HONGKONG -- The only way General Motors Corp.'s Automotive Components Group-Worldwide can increase non-Gm, non-North American sales to 50% of its business is to succeed in Asia/Pacific.

"The Asia/Pacific automobile industry is growing at a far higher rate than any other region and is predicted to increase 47% in the next 10 years to 22 million units per annum by the year 2004," says William Ebbert, president-ACG Asia Pacific Automotive Components Group. That would mean Asia/Pacific will account for 40% of the world's growth in vehicle production during the period, vs. 36% for all of Europe, 16% for North America and 8% for South America, Mr. Ebbert points out.

The market for automotive components, he says, is projected to grow at a 10% to 15% pace annually in the region, equalled only by forecasts for South America. Europe's components market will grow 7% to 10%, while North America and the aftermarket each are expected to expand at only a 5% to 7% pace.

ACGW notched $775 million in sales in the region last year, including $109 million in Japan. It will see overall sales triple (excluding India which in managed independent of ACG Asia Pacific) within the next five years - double in Japan, Mr. Ebbert predicts in an interview here. Most current sales go to non-GM customers, he says, plus some to GM affiliate Isuzu Motors Ltd. in Japan and Holden's Automotive Ltd. in Australia. That's likely to remain the case in the future.

Japan, a difficult nut for any multinational to crack, ACGW included, is under increasing pressure to lessen its auto parts trade deficit with the U.S., pegged at $19 billion this year, Mr. Ebbert points out. And although most of ACGW's success with Japanese automakers is in selling parts to their transplant affiliates, the GM group recently has been accepted into several companies' supplier associations, which may help it get a firmer toehold on the domestic market. Of its sales to Japanese automakers, only about $50 million is for Japanese production, but Mr. Ebbert expects that, too, to double along with overall sales.

South Korea, where only about 1,500 imported vehicles are sold annually, also is under pressure to open its market, which may mean new opportunities for foreignbased companies. In addition, GM, through its three parts joint ventures with the Daewoo Group, already is fairly well-positioned to take advantage of internal growth there as the country moves to double its vehicle-building capacity to 4 million units annually by 2000.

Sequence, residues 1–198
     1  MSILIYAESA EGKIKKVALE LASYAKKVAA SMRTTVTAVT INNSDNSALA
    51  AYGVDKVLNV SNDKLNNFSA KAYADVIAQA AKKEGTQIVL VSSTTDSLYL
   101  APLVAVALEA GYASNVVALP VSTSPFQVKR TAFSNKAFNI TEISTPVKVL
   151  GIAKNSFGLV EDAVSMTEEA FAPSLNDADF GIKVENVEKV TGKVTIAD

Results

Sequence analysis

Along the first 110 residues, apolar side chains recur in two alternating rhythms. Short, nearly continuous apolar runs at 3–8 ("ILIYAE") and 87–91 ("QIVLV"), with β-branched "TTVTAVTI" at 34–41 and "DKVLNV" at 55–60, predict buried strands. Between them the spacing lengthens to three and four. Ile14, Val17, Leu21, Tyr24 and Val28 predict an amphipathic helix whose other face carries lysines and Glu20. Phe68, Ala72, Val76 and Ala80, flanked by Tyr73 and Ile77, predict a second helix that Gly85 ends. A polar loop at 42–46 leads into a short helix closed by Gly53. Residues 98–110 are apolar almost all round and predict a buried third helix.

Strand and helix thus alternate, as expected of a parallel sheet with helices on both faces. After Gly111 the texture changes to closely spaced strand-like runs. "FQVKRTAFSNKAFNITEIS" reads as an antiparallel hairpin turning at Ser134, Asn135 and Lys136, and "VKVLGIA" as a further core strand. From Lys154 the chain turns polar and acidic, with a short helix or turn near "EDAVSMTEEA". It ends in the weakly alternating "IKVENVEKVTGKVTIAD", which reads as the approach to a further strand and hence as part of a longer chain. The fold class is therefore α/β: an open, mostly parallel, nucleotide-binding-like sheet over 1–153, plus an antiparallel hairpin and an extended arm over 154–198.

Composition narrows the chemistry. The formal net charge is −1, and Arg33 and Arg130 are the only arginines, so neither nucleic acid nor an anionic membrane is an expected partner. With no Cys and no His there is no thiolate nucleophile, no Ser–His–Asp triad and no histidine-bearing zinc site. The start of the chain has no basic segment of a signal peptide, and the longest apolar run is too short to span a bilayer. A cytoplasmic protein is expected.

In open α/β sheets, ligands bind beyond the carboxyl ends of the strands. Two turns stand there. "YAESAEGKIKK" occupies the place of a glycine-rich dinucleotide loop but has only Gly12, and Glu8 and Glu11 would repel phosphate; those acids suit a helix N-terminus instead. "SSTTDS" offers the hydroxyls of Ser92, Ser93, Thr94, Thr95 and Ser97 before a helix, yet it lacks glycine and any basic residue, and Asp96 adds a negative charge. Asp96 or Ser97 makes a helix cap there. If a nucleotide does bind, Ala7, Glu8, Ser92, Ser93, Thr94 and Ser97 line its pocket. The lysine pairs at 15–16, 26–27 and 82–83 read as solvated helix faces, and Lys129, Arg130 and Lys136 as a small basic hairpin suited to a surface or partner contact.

And, of course China, a linchpin in ACGW's Asia-Pacific plans, also aims to more than double its market to 2 million to 3 million vehicles annually after the turn of the century - 90% of which the country expects to be made locally. "We envision that over 75% of our component production for the Chinese market will eventually move to China in line with the government' policy on localization," Mr. Ebbert says.

There also is a growing demand for products ACGW and other Western suppliers have expertise in - antilock brakes, air bag systems and electronic engine management. To position itself in the region, ACGW now has offices in three countries and a tech center in Japan with more than 100 resident engineers, two manufacturing plants and seven joint ventures. Other manufacturing plants are in the works, including a catalytic converter facility in Malaysia, which is toughening its emissions laws for 1997.

Meanwhile, ACGW is taking a look at Vietnam, which Mr. Ebbert says "will rise up in priority in the short term. He hints that the group may follow Daewoo Motor Corp. there where it has a vehicle-building joint venture, as well as into several other markets. "They have significant growth plans," he says of Daewoo. "They plan to go from 350,000 now to 1 million capacity within five to seven years, plus another I million capacity offshore. We will grow just by supporting them."

ACGW currently has sales of about 500 million in Korea, and Mr. Ebbert says that in the next few years that will triple -- 70% of which will remain Daewoo business.

One of the big challenges for ACGW will be sorting out what to make where. Every country with an emerging auto industry is clamoring for a supplier base, but in order to get economies of scale ACGW will have to make some components in one country for export to others. In that regard, China emerges front and center in the ACGW Asia/Pacific strategy.

"We have a very large North American supply base, a very large European/North African supply base and a South American supply base," Rudolph A. Schlais, former Packard Electric head and recently named to the new position of president-General Motors China Operations, says in an interview with WAW "You'll see China as a (parts) base for the whole Asia/Pacific region."

ACG currently has there joint-venture operations in China Packard Electric Bai Cheng, Beijing Wan Yuan-GM Automotive Electronic Control Co. Ltd. and the most recent, Packard Electric Hebi Ltd.

Mr. Ebbert says three more new ventures will be announced in China within the next six months. And although not all will be successful, ACGW currently has 30 projects under discussion there. "China's the key," he says. "It has the greatest growth long-term, then Korea, because of the substantial manufacturing base we already have there. Japan is a good growth opportunity, mostly with Japanese customers outside of Japan. "

Annual sales of $25.1 billion make ACGW the biggest supplier in the world -- more than twice the size of its nearest competitor, Nippondenso Co. Ltd., says Mr. Ebbert.